Soldiers from the 152nd Component Repair Company help themselves to salad after picking up a hot meal prepared for them by four cooks within the unit striving to move on to the national level for the Phillip A. Connolly Competition. Even though the unit is a component repair and maintenance company that works primarily on electronics equipment, light-medium tactical vehicles and heavy equipment, they still have to have the capabilities to feed their soldiers. (U.S. Army National Guard photo by Sgt. Angela Parady.)
"Today we have a pretty decent sized menu," said the staff sergeant. "We have spaghetti and meatballs, and my personal favorite: chocolate pudding. There is salad, fruit, apples, some parmesan bread. It's a pretty decent meal for being out in the field. "
Soldiers from the 152nd Component Repair Company, Maine Army National Guard are competing in the 47th Annual Phillip A. Connolly Awards Program. As part of the competition they have to prepare a meal in a field environment. Which means setting up stations where hands can be washed, soldiers signed in, meals eaten, utensils washed and a fully functional kitchen is present.
This is the Army's ultimate cooking competition, which began in 1968 and is one of the few competitions where all Army components, active Army, Reserves, and National Guard, compete against one another. Mess sections from units across the country compete in order find the best Army cooking operations, and this time it's the 152nd who are being put on display.
"We are putting together food for 60 soldiers to simulate an event where we were on alert and facilities were not available," said Staff Sgt. Crystal Ryder, an administrative sergeant, tasked with heading up the field sanitation team for the event. "So we are setting up for that, we've got our finest cooks cooking the food out here and our sanitation team working the safety side of it, ensuring the cleanliness of the food going in and out."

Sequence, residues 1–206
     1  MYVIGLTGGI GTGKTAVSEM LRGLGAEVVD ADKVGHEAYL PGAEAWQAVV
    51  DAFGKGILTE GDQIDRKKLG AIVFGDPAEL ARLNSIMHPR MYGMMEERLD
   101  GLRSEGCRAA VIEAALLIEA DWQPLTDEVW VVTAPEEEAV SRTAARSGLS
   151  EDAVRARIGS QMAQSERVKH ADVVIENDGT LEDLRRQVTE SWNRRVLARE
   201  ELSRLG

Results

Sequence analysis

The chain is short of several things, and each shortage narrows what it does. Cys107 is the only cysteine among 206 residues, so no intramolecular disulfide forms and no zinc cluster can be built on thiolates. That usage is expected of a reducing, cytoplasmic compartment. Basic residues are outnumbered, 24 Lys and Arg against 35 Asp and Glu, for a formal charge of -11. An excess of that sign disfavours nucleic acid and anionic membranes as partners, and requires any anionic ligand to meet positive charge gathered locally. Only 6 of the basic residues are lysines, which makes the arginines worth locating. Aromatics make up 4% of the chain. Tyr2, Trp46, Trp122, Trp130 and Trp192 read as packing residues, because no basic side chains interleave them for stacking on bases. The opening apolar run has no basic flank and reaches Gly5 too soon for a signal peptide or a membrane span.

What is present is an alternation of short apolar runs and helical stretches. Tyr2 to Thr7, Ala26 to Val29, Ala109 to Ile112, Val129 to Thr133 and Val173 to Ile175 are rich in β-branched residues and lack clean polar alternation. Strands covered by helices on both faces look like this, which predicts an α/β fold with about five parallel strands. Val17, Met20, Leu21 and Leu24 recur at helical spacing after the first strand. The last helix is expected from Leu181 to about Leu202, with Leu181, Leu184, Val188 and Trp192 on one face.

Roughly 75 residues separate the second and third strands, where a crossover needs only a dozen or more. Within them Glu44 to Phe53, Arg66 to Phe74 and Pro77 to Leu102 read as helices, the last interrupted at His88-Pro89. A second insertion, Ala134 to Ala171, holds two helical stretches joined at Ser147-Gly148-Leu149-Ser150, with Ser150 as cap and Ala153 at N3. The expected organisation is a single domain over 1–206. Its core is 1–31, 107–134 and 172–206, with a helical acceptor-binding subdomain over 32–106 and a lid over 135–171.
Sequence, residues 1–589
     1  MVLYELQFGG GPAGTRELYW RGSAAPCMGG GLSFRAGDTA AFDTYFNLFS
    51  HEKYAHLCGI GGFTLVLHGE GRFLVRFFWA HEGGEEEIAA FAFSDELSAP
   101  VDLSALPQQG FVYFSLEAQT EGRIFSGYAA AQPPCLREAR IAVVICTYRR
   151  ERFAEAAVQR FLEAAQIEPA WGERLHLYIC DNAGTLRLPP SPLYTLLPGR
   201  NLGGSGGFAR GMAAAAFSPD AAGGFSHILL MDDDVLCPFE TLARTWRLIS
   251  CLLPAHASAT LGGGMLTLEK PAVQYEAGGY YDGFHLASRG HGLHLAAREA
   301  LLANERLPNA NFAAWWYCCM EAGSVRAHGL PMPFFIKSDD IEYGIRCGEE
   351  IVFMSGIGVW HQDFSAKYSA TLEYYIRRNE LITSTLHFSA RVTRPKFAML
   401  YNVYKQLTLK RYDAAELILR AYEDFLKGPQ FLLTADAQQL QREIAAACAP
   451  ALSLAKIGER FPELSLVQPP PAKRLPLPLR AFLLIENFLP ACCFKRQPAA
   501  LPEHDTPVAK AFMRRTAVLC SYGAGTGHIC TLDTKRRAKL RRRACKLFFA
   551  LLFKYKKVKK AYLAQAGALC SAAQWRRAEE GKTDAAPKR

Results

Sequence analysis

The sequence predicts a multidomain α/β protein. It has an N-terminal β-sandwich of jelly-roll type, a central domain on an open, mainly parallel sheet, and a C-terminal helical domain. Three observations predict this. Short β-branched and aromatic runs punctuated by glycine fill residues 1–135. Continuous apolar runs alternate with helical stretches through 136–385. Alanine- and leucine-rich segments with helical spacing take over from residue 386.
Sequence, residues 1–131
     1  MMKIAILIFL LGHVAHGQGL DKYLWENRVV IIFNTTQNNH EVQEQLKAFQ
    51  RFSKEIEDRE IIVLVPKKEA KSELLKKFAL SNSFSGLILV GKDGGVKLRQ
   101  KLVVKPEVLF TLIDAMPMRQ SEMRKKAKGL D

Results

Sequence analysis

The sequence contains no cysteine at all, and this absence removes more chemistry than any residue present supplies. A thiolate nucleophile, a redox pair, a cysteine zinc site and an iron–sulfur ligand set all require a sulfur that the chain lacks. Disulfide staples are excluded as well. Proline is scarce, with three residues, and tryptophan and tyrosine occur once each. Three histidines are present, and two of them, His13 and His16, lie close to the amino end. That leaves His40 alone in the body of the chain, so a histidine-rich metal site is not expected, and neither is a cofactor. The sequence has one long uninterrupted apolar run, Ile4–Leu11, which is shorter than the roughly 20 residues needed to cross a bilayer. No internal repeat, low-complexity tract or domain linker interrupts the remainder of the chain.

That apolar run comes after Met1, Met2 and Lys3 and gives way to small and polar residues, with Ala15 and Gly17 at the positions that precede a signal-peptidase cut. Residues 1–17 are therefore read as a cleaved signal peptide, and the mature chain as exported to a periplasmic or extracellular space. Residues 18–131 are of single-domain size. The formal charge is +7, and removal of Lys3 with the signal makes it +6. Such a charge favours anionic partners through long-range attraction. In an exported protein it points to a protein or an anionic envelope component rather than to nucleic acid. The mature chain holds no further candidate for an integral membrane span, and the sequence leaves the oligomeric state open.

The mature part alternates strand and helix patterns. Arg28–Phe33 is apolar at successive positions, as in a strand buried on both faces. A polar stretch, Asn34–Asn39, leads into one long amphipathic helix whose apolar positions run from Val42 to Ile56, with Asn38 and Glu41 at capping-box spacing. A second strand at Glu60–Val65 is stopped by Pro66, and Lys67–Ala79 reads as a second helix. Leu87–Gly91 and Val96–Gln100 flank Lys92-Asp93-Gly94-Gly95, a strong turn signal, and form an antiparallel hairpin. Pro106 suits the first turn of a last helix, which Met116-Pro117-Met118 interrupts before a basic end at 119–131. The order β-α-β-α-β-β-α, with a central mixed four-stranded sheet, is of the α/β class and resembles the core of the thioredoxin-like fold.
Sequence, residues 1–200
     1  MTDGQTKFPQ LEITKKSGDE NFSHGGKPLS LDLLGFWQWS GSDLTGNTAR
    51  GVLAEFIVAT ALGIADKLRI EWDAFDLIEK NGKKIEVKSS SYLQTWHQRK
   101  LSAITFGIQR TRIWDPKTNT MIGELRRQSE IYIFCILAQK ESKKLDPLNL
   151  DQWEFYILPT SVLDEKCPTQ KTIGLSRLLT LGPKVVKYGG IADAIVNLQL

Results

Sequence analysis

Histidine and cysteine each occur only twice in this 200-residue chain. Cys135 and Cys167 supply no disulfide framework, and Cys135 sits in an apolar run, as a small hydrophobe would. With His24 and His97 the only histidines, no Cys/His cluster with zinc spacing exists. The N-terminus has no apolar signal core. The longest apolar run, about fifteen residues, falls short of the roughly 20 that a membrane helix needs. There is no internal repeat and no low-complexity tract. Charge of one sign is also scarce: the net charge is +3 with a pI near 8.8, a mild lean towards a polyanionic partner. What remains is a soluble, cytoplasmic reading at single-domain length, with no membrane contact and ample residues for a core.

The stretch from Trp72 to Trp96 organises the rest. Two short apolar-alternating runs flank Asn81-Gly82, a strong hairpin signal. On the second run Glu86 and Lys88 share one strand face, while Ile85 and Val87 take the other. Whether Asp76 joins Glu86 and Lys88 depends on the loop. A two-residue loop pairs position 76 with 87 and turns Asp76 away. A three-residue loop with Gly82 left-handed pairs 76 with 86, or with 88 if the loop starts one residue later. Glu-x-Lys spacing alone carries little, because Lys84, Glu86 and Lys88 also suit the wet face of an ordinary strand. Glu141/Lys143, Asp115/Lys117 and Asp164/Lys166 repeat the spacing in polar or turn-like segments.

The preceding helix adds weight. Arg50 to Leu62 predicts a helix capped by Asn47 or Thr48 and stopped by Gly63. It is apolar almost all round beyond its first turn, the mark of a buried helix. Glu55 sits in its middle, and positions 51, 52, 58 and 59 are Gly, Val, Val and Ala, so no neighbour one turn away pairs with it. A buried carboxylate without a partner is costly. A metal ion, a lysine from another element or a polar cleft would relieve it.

Sgt. 1st Class Tom Gordon is the food operations sergeant for the 152nd. The Waterville native emphasized that even though the unit is a component repair and maintenance company that works primarily on electronics equipment, light-medium tactical vehicles and heavy equipment, they still have to have the capabilities to feed their soldiers.
"We have to be able to feed our soldiers so they can continue the mission," he said. "A hot meal sustains them. It gives soldiers a good break in the middle of their day to collect their thoughts and to get together and see how things are going. On a hot day like today, it gives them the nutrition to replace things like salt and what not they may be sweating out, and it's good for morale."
Ryder, who lives in Augusta agreed, and praised the four cooks who had been sweating it out on the first 90-plus degree day of the year, in the kitchen for nearly two hours to get everything ready for the soldiers.